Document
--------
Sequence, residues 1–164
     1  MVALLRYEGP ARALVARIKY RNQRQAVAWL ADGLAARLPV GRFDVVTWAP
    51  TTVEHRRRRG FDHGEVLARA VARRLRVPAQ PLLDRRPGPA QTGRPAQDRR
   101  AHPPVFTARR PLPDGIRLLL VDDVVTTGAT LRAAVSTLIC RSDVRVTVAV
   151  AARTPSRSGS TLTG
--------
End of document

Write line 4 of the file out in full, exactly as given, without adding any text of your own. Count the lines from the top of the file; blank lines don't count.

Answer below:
   101  AHPPVFTARR PLPDGIRLLL VDDVVTTGAT LRAAVSTLIC RSDVRVTVAV